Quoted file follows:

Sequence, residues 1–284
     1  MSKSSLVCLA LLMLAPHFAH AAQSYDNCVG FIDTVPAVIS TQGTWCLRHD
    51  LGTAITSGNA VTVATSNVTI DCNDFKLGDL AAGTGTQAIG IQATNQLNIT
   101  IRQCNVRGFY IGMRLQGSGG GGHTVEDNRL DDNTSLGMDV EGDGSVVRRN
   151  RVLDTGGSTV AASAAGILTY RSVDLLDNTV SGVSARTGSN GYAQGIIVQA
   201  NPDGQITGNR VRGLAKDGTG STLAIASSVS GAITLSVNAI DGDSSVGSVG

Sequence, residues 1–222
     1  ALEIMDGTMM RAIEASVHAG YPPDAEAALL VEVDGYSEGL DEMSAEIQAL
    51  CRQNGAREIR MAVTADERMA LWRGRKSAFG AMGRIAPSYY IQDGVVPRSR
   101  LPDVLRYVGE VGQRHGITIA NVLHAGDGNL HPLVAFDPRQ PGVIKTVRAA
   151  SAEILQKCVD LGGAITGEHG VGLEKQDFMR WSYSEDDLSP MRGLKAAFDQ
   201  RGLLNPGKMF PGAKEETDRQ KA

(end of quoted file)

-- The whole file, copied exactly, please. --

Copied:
Sequence, residues 1–284
     1  MSKSSLVCLA LLMLAPHFAH AAQSYDNCVG FIDTVPAVIS TQGTWCLRHD
    51  LGTAITSGNA VTVATSNVTI DCNDFKLGDL AAGTGTQAIG IQATNQLNIT
   101  IRQCNVRGFY IGMRLQGSGG GGHTVEDNRL DDNTSLGMDV EGDGSVVRRN
   151  RVLDTGGSTV AASAAGILTY RSVDLLDNTV SGVSARTGSN GYAQGIIVQA
   201  NPDGQITGNR VRGLAKDGTG STLAIASSVS GAITLSVNAI DGDSSVGSVG

Sequence, residues 1–222
     1  ALEIMDGTMM RAIEASVHAG YPPDAEAALL VEVDGYSEGL DEMSAEIQAL
    51  CRQNGAREIR MAVTADERMA LWRGRKSAFG AMGRIAPSYY IQDGVVPRSR
   101  LPDVLRYVGE VGQRHGITIA NVLHAGDGNL HPLVAFDPRQ PGVIKTVRAA
   151  SAEILQKCVD LGGAITGEHG VGLEKQDFMR WSYSEDDLSP MRGLKAAFDQ
   201  RGLLNPGKMF PGAKEETDRQ KA